Growing food in greener cities

 

New population boom

"Historically, cities have been places of opportunity, employment and improved living standards," says Shivaji Pandey, Director of FAO's Plant Production and Protection Division. "But in many developing countries, rapid urban growth is being driven not by economic opportunity but by high birth rates and a mass influx of rural people seeking to escape hunger, poverty and insecurity."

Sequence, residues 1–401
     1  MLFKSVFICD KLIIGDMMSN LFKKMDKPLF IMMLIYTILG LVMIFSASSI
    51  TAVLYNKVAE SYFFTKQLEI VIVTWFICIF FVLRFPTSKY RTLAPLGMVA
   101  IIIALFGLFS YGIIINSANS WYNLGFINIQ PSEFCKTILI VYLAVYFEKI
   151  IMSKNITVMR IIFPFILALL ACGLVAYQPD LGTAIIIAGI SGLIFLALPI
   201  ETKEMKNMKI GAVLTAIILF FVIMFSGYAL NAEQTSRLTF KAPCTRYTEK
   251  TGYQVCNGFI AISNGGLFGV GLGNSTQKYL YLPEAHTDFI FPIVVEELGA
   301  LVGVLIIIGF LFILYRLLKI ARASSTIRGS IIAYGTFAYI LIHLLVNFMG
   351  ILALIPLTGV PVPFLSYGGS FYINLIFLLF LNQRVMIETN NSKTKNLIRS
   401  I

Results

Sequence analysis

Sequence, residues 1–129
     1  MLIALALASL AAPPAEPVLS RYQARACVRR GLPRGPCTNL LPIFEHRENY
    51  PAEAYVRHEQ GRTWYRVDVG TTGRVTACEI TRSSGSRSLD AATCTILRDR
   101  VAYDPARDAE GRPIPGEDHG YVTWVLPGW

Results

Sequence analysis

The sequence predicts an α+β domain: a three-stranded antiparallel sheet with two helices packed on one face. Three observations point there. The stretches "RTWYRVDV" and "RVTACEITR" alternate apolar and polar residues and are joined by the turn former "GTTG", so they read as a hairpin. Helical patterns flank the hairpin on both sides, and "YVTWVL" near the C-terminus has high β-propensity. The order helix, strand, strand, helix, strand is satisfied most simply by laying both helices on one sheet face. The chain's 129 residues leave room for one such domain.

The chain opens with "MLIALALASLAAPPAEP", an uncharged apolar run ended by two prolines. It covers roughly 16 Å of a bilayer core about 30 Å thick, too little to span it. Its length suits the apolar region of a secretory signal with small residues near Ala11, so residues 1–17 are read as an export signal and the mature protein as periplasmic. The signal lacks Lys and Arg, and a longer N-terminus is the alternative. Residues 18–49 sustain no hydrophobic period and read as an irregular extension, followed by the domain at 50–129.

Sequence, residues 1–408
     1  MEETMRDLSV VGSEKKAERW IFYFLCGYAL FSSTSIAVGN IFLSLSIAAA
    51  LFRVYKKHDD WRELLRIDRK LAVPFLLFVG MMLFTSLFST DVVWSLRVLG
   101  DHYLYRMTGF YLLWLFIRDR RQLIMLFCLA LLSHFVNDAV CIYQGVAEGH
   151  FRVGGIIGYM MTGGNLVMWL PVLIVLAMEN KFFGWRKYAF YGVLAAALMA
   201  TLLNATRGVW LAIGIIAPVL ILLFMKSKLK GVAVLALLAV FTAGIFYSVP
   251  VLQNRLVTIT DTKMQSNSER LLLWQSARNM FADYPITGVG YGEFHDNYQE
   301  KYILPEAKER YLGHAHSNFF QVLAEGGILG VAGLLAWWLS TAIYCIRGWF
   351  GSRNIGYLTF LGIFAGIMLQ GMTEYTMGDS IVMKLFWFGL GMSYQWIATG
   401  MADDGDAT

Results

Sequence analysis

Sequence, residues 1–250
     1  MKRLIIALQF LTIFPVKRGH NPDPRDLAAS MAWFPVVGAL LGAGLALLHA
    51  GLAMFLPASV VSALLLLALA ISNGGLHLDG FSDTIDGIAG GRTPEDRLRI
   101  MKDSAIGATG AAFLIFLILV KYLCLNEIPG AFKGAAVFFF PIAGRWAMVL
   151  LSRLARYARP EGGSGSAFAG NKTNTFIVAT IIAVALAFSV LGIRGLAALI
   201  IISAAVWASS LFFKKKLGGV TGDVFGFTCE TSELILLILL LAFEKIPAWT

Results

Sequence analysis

By 2020, the proportion of the urban population living in poverty could reach 45 per cent, or 1.4bn people. By then, 85 per cent of poor people in Latin America, and almost half of those in Africa and Asia, will be concentrated in towns and cities.

That prospect has been described as the new population bomb and a nightmare for governance: sprawling, degraded and impoverished cities with large, vulnerable populations that are socially excluded, young and unemployed.

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